PITTSBURG — American Legion Post No. 64 hosted American Legion National Commander Denise H. Rohan Monday while she was on a tour of 18 posts throughout the state.

Rohan was elected as national commander August 24, during the 99th national convention. Rohan is now visiting posts around the nation to meet what she calls the American Legion family, which she said is where she plans to start her leadership.

“The American Legion is a non-profit organization so all of our work is done on a grassroots level,” Rohan said. “I feel as national commander it is important to get into the communities.

“I have this saying of ‘family first,’ so I feel the first step to starting my leadership is to meet the family and show my appreciation for the work they do.”

Rohan enlisted in the United States Army in 1974 and served on active duty until her release in 1976. Rohan served as state commander of the Wisconsin American Legion, and with her new position became the first female national commander.

“We were founded in 1919, and our forefathers understood that a veteran is a veteran,” she said. “Women could vote for the national commander position before they could vote for the President of the United States.”

Rohan joined the American Legion in 1984 when she became a member of the Sun Prairie Post No. 333 in Sun Prairie, Wisconsin. Before joining, she said she was turned away by another post even though she was an eligible candidate. She was told the American Legion Auxiliary — a group for wives of veterans — was for the women, but she said the organization has grown since then.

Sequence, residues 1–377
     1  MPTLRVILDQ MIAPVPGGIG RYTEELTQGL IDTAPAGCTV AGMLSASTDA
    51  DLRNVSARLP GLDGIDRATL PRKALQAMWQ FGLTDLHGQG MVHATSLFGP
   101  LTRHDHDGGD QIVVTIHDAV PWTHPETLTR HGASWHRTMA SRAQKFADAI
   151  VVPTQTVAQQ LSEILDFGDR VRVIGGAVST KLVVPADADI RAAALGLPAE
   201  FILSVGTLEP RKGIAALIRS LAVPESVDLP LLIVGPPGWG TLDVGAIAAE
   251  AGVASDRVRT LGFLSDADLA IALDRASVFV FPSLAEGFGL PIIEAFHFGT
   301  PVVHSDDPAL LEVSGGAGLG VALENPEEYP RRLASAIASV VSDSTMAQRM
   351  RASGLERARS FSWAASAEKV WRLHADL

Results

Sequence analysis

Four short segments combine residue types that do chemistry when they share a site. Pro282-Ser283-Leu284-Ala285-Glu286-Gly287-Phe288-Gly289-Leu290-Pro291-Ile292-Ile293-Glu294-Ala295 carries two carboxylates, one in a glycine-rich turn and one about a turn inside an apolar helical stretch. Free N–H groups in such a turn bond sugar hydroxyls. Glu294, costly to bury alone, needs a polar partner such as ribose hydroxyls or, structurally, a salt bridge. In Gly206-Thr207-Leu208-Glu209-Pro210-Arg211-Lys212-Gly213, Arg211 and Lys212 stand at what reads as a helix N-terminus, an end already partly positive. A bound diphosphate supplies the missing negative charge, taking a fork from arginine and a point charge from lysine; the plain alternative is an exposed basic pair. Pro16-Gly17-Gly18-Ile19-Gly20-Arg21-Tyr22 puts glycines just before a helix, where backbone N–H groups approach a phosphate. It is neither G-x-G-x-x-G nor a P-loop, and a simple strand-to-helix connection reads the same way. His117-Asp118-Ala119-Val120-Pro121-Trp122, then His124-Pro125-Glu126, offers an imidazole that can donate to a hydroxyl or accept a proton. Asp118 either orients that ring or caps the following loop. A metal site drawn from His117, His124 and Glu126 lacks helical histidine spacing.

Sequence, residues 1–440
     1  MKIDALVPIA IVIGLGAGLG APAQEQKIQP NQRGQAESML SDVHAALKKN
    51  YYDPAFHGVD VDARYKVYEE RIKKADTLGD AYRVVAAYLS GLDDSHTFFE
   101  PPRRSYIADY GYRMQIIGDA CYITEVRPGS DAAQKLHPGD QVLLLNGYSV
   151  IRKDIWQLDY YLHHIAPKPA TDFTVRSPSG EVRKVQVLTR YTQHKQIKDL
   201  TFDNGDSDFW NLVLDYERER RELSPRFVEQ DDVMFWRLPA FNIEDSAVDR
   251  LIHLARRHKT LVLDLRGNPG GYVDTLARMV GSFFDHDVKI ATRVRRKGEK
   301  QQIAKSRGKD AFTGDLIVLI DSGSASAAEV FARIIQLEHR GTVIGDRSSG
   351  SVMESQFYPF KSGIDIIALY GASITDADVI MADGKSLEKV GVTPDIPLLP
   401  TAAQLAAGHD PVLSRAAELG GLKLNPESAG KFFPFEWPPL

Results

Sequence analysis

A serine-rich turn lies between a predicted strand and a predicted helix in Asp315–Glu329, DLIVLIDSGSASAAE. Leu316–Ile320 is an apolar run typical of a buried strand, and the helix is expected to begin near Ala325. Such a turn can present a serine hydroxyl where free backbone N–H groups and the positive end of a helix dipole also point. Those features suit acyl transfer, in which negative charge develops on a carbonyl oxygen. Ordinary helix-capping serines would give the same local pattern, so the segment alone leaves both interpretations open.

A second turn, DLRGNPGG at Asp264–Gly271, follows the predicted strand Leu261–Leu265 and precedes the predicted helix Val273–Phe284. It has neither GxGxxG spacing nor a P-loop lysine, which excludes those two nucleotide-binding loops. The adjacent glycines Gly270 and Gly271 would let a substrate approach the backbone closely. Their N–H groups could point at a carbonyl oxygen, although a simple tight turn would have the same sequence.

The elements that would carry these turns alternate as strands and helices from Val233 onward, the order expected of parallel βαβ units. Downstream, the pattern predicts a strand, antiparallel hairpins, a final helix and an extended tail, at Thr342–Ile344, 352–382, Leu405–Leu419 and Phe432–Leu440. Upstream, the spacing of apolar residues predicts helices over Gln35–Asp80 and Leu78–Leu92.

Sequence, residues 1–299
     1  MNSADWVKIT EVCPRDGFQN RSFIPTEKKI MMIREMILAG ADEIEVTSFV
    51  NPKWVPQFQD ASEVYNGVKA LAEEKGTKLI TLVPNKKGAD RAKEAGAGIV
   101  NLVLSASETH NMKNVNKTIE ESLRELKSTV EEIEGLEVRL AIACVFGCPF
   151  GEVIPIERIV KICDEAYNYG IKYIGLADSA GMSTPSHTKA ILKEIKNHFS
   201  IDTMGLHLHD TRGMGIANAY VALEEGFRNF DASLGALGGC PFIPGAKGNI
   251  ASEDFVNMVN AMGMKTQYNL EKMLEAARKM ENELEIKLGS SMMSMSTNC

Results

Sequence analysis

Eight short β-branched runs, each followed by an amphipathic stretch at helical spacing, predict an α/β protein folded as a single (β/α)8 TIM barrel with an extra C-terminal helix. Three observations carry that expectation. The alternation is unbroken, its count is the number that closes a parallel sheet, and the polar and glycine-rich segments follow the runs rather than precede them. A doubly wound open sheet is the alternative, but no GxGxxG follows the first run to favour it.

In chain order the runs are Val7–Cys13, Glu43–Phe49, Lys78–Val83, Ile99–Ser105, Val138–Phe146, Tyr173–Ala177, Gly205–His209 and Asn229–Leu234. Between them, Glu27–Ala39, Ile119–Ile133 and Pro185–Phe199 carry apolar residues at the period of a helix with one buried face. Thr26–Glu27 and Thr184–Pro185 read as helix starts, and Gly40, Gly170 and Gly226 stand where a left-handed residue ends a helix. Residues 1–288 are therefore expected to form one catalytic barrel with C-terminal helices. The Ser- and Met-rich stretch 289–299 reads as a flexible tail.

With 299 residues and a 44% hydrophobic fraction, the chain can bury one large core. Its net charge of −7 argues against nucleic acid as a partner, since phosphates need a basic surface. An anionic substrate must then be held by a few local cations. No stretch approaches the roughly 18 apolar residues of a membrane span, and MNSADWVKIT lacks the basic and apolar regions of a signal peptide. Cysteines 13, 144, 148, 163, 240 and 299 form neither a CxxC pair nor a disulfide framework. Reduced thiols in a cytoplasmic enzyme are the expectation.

“There is now a photo of me from when I was state commander in Wisconsin at that post that turned me away, and beneath it a sign reads ‘She could have been a member of this post, remember women are veterans,’” Rohan said. “There was a time that even Vietnam vets didn’t feel welcomed by the American Legion, but I would encourage all eligible vets to give this great organization another chance.”

Regardless of being the first woman to serve as national commander, Rohan said it is an honor that she does not take lightly.

“This organization has 2 million members, so to be selected out of so many — and just so happen to be a woman — is amazing,” she said. “I will do like the national commanders before me and do my best to serve the American Legion during my time.”

— Chance Hoener is a staff writer for the Morning Sun. He can be emailed at choener@morningsun.net or follow him on Twitter @ReporterChance.